Linear Least Squares with Linear Inequality Constraints

I'm trying to follow this older paper, page 19.

The goal is to solve: $\min \|Ax-b\|^2 s.t. Gx \ge h$ given $A, G, b, h$

By combining the equations into a single LCP of the form: $Mz + q = w$ s.t. $z \ge 0, w \ge 0, z \perp w$

To do this, they form a single large equation: $f(r,w,x,y,z) = \frac{1}{2} r^Tr - y^T(r+Ax-b) - z^T(Gx-w-h)$

And take the partial derivatives with respect to each variable to construct a large system of equations and work from there. I'm fine with their math once the above equation is constructed, but I'm confused where some of the new variables come from.

$r = Ax - b$, so $r$ is just the residual vector that we want to minimize (ideally it's $0$), and they state that at the top of the section. Presumably $y$ and $z$ are something similar, but where they come from seems less clear to me.

I looked in earlier sections in the paper but I don't see anything that explains it.

• Try to make the question a little more self-contained. We are minimizing with respect to $x$? $x$ is a vector? G is square? – leonbloy Oct 3 '11 at 20:51
• $G$ isn't square necessarily. We're minimizing w.r.t. $Ax - b$, where $x$ is unknown and $b$ is known apriori (which alone is a classic "least squares" problem) subject to additional hard constraints ($Gx \ge h$), where $h$ is also known apriori. $G$ has size $pxn$ and $A$ has size $mxn$, and $m \ge n$ – Jay Lemmon Oct 3 '11 at 21:59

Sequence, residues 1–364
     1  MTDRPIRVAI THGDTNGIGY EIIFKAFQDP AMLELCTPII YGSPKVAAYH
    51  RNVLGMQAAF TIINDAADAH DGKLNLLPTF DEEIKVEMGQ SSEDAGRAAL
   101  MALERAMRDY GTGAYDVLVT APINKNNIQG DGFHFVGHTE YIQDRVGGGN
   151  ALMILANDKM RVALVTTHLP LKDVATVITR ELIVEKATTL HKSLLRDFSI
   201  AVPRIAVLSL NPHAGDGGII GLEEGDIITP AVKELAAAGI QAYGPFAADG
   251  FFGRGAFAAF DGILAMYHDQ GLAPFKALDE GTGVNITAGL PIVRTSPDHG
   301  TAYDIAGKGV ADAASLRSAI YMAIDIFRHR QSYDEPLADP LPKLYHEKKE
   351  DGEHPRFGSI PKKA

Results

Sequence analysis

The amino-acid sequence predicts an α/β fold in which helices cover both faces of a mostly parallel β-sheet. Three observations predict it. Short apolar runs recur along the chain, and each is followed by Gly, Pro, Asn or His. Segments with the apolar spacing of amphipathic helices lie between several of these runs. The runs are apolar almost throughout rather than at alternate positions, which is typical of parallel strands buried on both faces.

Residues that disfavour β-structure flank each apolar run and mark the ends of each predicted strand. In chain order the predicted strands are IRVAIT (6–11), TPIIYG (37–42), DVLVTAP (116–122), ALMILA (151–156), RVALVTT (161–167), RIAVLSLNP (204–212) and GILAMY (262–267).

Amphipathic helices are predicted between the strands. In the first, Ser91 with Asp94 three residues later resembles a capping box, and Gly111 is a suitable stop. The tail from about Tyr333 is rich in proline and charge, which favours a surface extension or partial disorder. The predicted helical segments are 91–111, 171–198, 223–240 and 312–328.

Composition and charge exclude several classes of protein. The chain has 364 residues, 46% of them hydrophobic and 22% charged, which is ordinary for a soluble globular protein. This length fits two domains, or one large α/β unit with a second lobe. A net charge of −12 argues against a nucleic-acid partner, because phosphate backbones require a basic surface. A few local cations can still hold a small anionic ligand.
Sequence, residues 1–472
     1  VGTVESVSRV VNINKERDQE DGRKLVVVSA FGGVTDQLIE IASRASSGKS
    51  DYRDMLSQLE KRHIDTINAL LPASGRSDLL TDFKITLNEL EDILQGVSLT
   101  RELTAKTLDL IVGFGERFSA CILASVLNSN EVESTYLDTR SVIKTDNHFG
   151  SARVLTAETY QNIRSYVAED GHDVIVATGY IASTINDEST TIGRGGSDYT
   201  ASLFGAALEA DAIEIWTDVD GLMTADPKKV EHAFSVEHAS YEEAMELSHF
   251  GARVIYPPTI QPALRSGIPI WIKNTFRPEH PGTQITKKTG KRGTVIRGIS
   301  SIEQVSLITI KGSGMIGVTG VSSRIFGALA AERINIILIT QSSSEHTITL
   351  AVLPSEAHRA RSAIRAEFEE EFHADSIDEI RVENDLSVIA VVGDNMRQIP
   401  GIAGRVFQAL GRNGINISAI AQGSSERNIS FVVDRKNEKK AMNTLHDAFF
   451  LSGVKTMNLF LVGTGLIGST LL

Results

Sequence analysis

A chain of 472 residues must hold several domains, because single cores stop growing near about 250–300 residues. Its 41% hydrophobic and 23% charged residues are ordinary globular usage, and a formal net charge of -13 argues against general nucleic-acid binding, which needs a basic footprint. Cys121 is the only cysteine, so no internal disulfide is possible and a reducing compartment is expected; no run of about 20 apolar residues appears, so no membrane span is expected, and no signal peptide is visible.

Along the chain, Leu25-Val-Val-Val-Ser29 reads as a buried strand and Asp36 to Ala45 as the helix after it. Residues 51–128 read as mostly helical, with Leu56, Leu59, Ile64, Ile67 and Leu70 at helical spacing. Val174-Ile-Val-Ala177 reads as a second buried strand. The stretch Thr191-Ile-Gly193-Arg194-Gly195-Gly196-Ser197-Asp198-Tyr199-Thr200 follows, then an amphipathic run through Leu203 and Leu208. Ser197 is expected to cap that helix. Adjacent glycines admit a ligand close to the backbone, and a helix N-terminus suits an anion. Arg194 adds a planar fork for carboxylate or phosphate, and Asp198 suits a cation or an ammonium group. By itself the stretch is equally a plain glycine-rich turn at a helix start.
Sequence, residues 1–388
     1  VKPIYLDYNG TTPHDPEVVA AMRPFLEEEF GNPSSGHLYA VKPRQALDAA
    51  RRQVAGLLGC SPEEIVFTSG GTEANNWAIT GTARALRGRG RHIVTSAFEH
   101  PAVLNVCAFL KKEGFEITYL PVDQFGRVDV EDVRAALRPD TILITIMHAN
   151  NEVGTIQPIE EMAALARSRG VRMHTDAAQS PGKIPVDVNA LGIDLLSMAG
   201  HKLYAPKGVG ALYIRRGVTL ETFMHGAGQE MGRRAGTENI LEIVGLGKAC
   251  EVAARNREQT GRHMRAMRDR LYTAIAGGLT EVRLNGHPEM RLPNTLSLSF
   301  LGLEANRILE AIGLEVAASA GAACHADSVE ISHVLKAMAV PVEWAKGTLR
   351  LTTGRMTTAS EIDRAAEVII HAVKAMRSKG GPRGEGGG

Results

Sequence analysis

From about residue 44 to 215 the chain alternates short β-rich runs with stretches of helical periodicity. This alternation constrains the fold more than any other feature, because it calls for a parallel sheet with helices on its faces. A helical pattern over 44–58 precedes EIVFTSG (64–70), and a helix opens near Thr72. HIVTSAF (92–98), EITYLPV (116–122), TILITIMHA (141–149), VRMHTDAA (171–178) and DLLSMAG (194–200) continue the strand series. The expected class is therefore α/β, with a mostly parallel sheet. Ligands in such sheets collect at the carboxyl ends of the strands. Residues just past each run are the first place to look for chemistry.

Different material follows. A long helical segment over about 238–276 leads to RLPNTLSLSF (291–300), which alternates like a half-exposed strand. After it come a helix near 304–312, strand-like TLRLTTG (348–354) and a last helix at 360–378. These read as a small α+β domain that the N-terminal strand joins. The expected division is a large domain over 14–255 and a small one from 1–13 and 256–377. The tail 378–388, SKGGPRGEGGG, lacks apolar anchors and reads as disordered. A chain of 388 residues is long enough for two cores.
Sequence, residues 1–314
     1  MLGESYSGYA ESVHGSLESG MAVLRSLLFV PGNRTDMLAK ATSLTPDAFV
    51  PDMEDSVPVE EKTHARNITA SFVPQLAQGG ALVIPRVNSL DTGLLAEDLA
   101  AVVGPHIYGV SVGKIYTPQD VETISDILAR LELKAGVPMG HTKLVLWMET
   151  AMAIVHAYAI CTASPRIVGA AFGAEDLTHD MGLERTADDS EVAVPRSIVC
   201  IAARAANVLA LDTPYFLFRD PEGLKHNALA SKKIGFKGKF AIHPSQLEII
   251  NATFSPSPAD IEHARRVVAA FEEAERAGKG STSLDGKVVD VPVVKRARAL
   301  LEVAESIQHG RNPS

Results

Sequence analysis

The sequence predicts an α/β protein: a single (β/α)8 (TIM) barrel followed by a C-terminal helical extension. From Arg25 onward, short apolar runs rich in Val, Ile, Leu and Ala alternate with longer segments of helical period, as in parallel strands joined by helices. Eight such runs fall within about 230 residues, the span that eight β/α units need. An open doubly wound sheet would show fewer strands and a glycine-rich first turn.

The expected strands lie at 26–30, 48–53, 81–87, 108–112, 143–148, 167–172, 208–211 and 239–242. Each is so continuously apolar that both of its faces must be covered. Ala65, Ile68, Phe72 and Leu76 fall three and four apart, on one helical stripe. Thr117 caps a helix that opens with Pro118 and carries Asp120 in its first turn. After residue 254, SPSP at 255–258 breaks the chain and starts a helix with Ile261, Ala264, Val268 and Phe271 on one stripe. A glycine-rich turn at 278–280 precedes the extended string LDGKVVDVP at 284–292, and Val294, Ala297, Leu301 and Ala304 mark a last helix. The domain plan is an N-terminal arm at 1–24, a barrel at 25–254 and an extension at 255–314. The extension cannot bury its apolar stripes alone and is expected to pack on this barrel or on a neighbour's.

• You may want to start here and here. – cardinal Oct 3 '11 at 22:08
• And also the dual problem... – user13838 Oct 3 '11 at 22:26
• Perhaps I'm wrong, but it would seem that the mininum should occur either in the unconstrained minimum (classical least squares) or in the boundary of the constraint (Gx = h) , in which case Lagrange multipliers should work... – leonbloy Oct 3 '11 at 22:27

By defining $r := b - Ax$, you simply restate the objective of the problem as $\|r\|^2$ (in fact, your function $f$ states it as $\tfrac{1}{2} \|r\|^2$, which is an equivalent objective to minimize; the $\tfrac{1}{2}$ neatly cancels out the $2$ that appears when you differentiate). But now you must include this definition of $r$ as a constraint of the problem: $Ax + r = b$. Next, they don't want linear inequality constraint, they only want simple bounds. So they introduce a slack variable $w \geq 0$ such that $Gx - w = h$. Now you're left with the problem \begin{aligned} \min_{x,r,w} & \tfrac{1}{2} \|r\|^2 \\ \text{s.t.} & Ax + r = b, \\ & Gx - w = h, \\ & w \geq 0. \end{aligned} The Lagrangian of this problem is $$L(x,r,w,y,z,u) = \tfrac{1}{2} \|r\|^2 - y^T (Ax + r - b) - z^T (Gx - w - h) - u^T w.$$ The vectors $y$, $z$ and $u$ are called vectors of Lagrange multipliers (or sometimes, dual variables). The first-order optimality conditions (which are necessary and sufficient here) require that the partial derivatives of $L$ with respect to $x$, $r$, $y$ and $z$ vanish and that $$u \geq 0, \quad w \geq 0, \quad u^T w = 0.$$ Now the partial derivative of $L$ w.r.t $w$ is $z -u$. Since it must vanish, we must have $z=u$ and we recover the formulation of Golub and Saunders.
• I believe $u^Tw=0$ is wrong. – Wok Oct 26 '12 at 9:06